Putting the F in fintech

Elena Novokreshchenova - Vice president of international at Remitly

Jennifer Morris - FinTech lead at Accenture

Marieke Flament - Chief executive of Mettle

Christine Bamford - Chief executive and co-founder of Women’s Coin

Bryony Widdup - partner at DLA Piper

Brittany Atkins - Business development strategist at Hotwire, founder of The F in Fintech


Why are there so few women in fintech?

EN: I think there were around 10,000 students that studied A-level computing in 2019 and only around one thousand of them are female. So that just limits the pool. Sometimes we sit there trying to hire [women] but we just don’t get any applications.

JM: It’s hard because fintech bridges financial services and technology – and neither are diverse industries.

MF: And if there are no role models when a candidate comes through and they can’t talk to someone who is like them, then guess what? They’re going to feel like it’s a bunch of guys in hoodies and feel like that’s not a place for me.

How can fintech attract more female recruits given the lack of women studying STEM subjects?

CB: Fintech is about innovation and it’s about serving our population. There are a lot of people out there who don’t trust the banks, and who are looking for a more human face [to finance]. That’s the angle I think we should be going for. The whole range of emerging new technologies and innovation is very suited to young women.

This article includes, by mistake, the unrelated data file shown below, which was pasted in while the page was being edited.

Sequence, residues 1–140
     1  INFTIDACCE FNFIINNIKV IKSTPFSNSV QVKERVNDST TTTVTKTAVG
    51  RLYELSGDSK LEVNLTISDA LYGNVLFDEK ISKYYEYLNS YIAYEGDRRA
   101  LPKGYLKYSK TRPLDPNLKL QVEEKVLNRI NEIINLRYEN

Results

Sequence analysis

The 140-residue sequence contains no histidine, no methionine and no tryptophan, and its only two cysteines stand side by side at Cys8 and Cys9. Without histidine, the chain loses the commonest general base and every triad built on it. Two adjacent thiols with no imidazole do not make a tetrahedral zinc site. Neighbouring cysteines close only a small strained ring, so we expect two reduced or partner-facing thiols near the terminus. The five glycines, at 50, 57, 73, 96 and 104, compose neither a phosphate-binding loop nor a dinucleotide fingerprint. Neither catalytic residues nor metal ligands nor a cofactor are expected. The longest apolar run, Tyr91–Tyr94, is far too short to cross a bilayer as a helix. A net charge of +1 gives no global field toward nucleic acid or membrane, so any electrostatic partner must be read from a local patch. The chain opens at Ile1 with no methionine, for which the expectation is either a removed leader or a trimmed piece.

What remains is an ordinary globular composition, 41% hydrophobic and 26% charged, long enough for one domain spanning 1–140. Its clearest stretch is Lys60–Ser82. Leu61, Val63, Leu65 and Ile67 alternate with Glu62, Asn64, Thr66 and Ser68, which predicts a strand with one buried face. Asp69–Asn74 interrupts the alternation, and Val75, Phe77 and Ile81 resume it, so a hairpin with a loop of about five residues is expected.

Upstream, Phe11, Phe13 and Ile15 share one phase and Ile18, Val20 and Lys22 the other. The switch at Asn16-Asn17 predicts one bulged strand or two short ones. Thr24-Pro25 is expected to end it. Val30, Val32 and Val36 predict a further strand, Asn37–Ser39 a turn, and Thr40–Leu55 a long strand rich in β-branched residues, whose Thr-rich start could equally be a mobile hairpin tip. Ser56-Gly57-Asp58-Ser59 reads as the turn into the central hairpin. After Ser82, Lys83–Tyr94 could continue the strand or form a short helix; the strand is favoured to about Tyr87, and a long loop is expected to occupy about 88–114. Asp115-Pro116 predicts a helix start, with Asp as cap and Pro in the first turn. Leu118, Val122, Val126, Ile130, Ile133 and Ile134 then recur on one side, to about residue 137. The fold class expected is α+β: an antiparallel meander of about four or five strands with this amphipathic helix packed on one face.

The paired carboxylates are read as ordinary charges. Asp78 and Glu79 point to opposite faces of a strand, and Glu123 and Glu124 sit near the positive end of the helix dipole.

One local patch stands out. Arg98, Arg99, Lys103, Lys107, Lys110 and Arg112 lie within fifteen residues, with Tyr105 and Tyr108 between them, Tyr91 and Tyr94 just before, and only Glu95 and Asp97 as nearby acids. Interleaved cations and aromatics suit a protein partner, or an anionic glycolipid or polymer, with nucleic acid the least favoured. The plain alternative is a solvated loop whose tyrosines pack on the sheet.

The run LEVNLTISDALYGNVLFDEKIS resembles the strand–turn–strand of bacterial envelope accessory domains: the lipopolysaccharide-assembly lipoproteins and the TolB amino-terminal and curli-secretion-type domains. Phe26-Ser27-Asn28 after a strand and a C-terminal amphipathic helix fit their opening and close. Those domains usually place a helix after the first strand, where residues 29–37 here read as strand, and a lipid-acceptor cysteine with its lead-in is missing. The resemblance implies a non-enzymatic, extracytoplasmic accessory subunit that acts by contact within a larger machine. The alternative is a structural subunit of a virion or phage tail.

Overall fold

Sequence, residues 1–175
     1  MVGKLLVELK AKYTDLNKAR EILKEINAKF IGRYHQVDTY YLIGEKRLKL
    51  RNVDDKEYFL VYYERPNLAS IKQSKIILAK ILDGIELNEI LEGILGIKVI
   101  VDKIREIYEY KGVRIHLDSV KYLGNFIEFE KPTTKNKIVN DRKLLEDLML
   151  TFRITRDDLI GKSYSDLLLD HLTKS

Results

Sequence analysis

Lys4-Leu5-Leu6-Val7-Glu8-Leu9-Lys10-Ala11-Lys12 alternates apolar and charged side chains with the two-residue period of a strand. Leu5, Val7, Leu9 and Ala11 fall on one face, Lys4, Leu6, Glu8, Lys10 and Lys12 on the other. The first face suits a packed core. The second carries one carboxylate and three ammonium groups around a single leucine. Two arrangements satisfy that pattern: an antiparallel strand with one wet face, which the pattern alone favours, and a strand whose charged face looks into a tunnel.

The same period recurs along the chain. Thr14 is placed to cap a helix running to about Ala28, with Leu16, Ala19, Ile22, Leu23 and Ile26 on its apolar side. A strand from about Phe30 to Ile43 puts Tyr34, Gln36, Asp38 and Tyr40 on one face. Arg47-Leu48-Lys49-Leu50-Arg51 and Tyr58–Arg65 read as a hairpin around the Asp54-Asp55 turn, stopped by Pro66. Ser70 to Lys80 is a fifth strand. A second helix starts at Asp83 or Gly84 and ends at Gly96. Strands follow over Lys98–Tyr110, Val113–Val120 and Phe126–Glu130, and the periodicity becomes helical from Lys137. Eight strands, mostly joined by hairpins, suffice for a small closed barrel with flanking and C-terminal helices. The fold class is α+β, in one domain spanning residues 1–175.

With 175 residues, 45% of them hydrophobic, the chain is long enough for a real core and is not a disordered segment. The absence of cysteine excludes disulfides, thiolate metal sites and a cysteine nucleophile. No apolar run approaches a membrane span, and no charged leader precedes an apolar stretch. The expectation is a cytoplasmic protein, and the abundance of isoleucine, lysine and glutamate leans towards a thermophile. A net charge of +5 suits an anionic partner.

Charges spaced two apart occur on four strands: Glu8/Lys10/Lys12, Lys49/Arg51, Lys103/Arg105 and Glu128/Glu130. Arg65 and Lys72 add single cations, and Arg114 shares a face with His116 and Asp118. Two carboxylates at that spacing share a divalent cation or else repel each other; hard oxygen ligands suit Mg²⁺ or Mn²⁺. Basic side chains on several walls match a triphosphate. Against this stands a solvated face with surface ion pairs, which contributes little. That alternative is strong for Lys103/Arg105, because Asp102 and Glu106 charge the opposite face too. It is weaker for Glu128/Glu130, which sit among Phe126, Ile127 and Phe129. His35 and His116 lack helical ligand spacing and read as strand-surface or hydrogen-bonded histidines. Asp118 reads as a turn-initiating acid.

EN: I would fully agree. I think impact and that social angle. I think for women that’s a very big attraction.

JM:  Telling stories about the positive things that fintech is doing could be one option. For example, so many fintechs are coming out with products and services that encourage people to take better care of their financial health by saving more and providing tools and advice to better their finances. It’s these types of stories that can help attract more diversity candidates into the industry.

Can some skills, like coding, be taught on the job?

MF: I think training internally is super important. In my team, a lot of people code, but a lot of people don’t. The team now get together for training every week and they talk about JavaScript for one hour and that gives them the confidence to say “OK now I understand the basics”. So yes, coding and tech skills can be taught and should be taught. Also, the world is moving so fast that the skills taught today are probably not going to be valid in five or ten years.

EN: Absolutely. We often hire for the right attitude and the ability to learn and get the skill set, rather than just hiring someone who knows the field, but is not very motivated.

Female fintech statistics

How important is sponsorship and mentoring?

BW: There’s a real value for me in sponsorship. There are points in one’s career where somebody more senior is going to have to put their reputation and potentially some element of their financial performance on the line for you. And the fact is that often needs to come from a man. Just based on the numbers.

CB: Role models to set the pace for others who are going to follow. For us women, who are leaders, do pull up the people behind you, do take time to mentor, and remember how hard it was to get to where you are and to help make that journey a little easier for others.

What can fintech organisations do to increase their gender diversity?

BA: Diversity has to be a value that has been baked into the business right from the beginning, and you’ve got to keep communicating that internally and externally all the time. If I was looking at a company that I might want to apply to and I have already seen that it’s a boys’ club because I’ve heard about the company through my network, or I’ve seen how they post on social media, then I’m not going to apply.